If Greece wants to be a leader in tourism, it needs to invest in its human resources and that’s a top priority in the post-Covid-19 era, said Deputy Tourism Minister Sofia Zacharaki during the Olympia Forum II held this week in Ancient Olympia.
Zacharaki said this year’s tourism performance, which peaked in August reaching 75.8 percent of pre-Covid revenue levels, was cause for optimism, adding that the next step is to tap into EU and national recovery funds and channel these effectively.
“We have 320 million euros ahead of us and a significant part of these funds will be directed toward human resources. If we don’t have trained manpower able to support all forms of tourism as well as our ambitious plans, then we won’t be able to win the bet for quality,” she said.
The minister announced that 46 million euros will be allocated to distance learning seminars set to kick off in 2022 offering training in cultural tourism and overall travel experience to some 5,000 people.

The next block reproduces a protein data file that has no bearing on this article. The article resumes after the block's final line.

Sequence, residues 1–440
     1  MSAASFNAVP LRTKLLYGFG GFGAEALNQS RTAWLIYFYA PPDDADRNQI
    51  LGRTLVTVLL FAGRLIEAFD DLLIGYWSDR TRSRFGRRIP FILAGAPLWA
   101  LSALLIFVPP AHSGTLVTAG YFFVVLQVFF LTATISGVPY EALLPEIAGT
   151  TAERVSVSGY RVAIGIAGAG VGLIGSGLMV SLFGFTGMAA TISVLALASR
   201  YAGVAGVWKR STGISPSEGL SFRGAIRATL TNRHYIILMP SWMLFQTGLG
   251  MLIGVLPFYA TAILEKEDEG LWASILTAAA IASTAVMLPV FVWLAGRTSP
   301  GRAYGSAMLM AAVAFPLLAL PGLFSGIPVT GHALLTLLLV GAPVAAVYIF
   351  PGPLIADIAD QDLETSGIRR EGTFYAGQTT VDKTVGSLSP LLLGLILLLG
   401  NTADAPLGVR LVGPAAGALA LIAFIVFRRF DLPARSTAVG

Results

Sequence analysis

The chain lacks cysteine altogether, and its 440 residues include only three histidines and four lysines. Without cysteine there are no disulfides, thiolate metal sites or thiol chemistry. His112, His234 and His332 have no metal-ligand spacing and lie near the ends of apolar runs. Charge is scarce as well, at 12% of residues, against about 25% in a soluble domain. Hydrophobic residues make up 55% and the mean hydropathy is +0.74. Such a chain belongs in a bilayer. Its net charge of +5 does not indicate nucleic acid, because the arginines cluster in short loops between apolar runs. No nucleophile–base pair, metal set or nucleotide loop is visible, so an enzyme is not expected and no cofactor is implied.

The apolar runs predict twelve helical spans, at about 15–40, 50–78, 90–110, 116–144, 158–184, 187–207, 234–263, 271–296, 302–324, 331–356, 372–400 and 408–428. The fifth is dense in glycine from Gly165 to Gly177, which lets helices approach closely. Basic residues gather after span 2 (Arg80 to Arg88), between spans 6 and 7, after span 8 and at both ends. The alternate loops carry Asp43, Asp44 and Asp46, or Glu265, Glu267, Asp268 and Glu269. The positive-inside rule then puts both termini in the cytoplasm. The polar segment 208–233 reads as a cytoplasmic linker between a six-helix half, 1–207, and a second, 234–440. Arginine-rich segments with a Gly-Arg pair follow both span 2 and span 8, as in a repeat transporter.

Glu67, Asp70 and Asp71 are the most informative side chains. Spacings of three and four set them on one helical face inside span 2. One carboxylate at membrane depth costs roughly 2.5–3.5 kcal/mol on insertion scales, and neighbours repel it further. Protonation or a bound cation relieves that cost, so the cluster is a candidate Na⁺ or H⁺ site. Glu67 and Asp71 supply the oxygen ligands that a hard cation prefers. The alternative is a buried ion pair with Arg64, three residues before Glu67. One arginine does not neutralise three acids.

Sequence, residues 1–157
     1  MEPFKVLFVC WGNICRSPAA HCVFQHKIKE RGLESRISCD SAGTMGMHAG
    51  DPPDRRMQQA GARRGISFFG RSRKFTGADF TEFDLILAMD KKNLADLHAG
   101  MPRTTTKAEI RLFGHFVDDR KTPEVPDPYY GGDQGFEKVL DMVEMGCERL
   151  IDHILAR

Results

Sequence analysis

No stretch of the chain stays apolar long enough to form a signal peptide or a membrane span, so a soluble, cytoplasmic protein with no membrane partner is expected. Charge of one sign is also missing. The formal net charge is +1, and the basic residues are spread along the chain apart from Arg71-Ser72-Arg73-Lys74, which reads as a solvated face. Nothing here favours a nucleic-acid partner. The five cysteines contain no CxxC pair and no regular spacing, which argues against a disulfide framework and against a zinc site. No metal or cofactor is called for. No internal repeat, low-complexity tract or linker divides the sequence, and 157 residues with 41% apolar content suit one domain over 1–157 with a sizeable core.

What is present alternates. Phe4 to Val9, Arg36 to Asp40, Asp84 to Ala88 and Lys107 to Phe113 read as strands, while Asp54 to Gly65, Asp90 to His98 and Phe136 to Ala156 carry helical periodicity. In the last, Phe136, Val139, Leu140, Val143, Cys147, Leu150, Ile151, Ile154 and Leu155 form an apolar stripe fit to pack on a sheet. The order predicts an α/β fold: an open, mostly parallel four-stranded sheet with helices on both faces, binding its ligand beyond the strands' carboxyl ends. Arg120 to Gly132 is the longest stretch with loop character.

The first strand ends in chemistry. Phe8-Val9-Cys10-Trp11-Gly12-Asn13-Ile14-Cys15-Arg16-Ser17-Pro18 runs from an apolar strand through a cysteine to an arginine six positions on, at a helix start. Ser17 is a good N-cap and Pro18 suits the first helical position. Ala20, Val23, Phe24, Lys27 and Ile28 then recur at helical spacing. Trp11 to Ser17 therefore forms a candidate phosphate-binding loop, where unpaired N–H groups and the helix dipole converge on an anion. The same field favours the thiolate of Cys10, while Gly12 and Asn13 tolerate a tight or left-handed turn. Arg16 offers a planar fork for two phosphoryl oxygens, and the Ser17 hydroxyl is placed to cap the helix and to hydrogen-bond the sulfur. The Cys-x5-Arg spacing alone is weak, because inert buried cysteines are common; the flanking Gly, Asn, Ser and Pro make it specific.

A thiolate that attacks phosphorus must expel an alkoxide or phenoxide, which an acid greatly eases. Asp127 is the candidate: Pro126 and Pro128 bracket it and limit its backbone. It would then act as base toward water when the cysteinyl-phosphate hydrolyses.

Zacharaki went on to add that funding will also be available through ESPA sources and public investment programs to support regional tourism development and local businesses.
She also announced upcoming legislation covering destination management activities, “which is essentially a synergy between regional authorities, municipalities, and other bodies”.
Lastly, she said a body will be set up to manage the country’s thermal spring facilities.
Zacharaki confirmed that bookings for Greece were still strong thanks to the mild weather and that average spending had increased by 20 percent “to 802 euros from 655 euros in pre-pandemic 2019”.